I would also mention as an aside that a favorite faux-populist talking point of Obama and Fed critics used to be that rising stock prices during the Obama years revealed the bias of the elitist Fed Governors appointed by Obama in favor of the wealthy owners of corporate stock, and their callous disregard of the small savers who leave their retirement funds in bank savings accounts earning minimal interest and of workers whose wage increases barely kept up with inflation. But this refrain of critics – and I am thinking especially of the Wall Street Journal editorial page – who excoriated the Obama administration and the Fed for trying to raise stock prices by keeping interest rates at abnormally low levels now unblushingly celebrate record-high stock prices as proof that tax cuts mostly benefiting corporations and their stockholders signal the start of a new golden age of accelerating growth.

So the next question to consider is what can we infer about the well-being of Americans and the American economy from the increase in stock prices since November 8, 2016? For purposes of this mental exercise, let me stipulate that the rise in stock prices since the moment when it became clear who had been elected President by the voters on November 8, 2016 was attributable to the policies that the new administration was expected to adopt.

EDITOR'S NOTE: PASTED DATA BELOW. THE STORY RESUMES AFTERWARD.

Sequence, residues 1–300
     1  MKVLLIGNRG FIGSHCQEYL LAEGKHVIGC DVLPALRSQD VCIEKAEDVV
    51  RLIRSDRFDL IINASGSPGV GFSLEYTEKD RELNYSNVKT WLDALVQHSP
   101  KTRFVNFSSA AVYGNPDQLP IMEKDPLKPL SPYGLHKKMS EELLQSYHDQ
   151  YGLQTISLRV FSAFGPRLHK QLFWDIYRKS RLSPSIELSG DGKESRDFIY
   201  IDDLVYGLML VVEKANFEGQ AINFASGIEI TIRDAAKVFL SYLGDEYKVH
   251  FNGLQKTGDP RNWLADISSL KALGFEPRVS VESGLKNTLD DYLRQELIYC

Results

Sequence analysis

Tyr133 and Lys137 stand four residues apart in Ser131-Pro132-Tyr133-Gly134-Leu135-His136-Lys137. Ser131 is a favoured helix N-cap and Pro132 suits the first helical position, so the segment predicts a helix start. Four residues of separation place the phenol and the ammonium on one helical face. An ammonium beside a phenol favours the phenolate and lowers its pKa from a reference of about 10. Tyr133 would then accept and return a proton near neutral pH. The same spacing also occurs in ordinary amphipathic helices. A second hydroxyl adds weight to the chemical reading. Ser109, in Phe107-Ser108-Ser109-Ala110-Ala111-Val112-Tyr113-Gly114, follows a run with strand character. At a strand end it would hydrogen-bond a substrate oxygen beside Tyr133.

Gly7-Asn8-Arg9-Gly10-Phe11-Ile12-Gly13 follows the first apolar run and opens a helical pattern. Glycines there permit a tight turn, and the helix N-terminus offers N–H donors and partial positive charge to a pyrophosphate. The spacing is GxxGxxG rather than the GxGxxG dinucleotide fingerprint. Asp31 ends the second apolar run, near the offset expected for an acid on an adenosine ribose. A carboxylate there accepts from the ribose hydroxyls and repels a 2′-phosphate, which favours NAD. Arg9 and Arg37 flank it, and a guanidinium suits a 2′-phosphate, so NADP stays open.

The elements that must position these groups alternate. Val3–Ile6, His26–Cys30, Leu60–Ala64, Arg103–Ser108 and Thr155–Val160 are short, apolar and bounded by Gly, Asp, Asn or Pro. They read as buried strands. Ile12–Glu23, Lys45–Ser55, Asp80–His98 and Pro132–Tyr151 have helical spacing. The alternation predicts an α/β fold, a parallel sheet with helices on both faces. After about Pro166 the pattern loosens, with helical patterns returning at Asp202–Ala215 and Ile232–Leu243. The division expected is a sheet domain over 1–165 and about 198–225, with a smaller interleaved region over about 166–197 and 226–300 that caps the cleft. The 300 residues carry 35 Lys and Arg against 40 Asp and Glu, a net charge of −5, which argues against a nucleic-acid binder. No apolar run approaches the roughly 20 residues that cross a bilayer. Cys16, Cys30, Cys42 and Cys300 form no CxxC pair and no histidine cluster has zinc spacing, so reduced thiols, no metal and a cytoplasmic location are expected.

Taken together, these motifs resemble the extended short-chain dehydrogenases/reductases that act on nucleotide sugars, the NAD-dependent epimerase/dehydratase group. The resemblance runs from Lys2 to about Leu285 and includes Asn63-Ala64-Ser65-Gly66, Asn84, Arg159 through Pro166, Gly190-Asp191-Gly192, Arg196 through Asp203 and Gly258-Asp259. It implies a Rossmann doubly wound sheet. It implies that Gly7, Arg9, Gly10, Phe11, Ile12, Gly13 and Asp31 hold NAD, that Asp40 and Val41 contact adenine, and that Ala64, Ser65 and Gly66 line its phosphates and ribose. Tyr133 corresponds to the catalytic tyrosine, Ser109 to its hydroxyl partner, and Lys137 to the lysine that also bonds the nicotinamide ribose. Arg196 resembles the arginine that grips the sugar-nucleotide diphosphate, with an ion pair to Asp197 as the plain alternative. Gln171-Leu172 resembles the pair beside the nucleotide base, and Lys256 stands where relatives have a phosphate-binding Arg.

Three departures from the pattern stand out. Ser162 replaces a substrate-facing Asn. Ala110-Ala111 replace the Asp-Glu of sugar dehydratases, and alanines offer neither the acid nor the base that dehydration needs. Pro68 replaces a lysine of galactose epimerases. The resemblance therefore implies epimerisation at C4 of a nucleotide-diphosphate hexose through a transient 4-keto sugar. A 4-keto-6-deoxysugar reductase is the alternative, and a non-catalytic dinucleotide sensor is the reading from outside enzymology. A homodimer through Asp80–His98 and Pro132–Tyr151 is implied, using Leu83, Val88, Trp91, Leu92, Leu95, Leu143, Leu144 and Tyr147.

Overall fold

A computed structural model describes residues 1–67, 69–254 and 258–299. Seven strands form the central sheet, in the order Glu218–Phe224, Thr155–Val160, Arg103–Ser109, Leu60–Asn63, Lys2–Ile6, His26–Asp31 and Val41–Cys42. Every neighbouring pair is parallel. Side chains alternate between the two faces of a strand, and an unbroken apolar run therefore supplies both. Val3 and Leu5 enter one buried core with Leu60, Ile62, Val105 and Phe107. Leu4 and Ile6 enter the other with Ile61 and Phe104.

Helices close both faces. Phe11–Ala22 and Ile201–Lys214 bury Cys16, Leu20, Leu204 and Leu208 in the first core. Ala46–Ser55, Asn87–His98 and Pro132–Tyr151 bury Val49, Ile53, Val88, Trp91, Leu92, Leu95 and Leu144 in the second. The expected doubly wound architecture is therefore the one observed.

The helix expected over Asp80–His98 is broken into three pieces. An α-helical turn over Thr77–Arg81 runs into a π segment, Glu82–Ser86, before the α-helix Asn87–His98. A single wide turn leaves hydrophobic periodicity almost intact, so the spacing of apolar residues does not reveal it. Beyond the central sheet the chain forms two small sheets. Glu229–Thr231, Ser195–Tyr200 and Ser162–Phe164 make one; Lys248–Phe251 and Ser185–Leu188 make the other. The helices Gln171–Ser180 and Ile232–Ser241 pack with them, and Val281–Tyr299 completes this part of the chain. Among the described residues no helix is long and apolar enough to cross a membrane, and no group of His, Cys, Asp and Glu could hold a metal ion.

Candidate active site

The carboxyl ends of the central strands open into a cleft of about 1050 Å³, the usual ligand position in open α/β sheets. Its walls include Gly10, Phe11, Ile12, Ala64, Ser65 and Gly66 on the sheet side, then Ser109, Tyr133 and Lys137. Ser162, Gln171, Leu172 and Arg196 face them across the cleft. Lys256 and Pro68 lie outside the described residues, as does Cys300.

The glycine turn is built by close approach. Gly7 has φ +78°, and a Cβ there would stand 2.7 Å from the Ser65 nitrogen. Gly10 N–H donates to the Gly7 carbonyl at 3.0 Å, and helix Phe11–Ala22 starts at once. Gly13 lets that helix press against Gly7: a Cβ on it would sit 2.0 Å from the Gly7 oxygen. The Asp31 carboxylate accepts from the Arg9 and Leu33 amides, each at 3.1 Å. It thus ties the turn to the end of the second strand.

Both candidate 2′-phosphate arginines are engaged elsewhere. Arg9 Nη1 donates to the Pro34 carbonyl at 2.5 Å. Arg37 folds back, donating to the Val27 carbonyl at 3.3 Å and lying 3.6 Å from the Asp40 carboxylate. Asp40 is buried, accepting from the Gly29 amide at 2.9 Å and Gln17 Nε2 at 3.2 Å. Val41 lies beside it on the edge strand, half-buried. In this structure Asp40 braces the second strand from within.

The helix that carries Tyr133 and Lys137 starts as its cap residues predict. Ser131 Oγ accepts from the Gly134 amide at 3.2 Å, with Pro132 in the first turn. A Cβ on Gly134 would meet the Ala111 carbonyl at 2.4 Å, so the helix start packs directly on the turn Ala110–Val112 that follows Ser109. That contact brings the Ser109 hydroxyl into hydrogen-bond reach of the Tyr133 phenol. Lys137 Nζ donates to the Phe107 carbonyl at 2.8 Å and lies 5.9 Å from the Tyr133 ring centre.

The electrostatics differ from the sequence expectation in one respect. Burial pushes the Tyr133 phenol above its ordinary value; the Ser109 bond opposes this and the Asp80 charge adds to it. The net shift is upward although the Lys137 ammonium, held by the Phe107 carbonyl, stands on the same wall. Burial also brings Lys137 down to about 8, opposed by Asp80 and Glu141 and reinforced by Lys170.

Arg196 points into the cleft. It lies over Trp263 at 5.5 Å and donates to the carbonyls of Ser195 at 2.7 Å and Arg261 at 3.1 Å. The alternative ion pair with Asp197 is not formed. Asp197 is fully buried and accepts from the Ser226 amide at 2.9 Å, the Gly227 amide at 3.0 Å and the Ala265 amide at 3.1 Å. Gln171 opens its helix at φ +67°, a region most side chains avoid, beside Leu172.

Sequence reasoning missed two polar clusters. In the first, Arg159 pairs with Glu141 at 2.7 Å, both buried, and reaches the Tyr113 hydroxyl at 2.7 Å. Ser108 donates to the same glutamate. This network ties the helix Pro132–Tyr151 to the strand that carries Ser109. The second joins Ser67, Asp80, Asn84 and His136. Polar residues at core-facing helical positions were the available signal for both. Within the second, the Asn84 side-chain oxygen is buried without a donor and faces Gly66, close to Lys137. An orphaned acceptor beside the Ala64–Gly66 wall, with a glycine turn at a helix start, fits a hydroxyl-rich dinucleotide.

Because interest rates have risen along with stock prices since November 8, 2016, increased stock prices must reflect investors’ growing optimism about the future cash flows to be distributed by corporations to shareholders. So, our question can be restated as follows: which policies — actual or expected — of the new administration could account for the growing optimism of investors since the election? Here are five policy categories to consider: (1) regulation, (2) taxes, (3) international trade, (4) foreign affairs, (5) macroeconomic and monetary policies.

The negative reaction of stock prices to the announcement last week that tariffs will be imposed on steel and aluminum imports suggests that hopes for protectionist trade policies were not the main cause of rising investor optimism since November 2016. And presumably investor hopes for rising corporate cash flows to shareholders were not buoyed up by increasing tensions on the Korean peninsula and various belligerent statements by Administration officials about possible military responses to North Korean provocations.

Macroeconomic and monetary policies being primarily the responsibility of the Federal Reserve, the most important macroeconomic decision made by the new Administration to date was appointing Jay Powell to succeed Janet Yellen as Fed Chair. But this appointment was seen as a decision to keep Fed monetary policy more or less unchanged from what it was under Yellen, so one could hardly ascribe increased investor optimism to a decision not to change the macroeconomic and monetary policies that had been in place for at least the previous four years.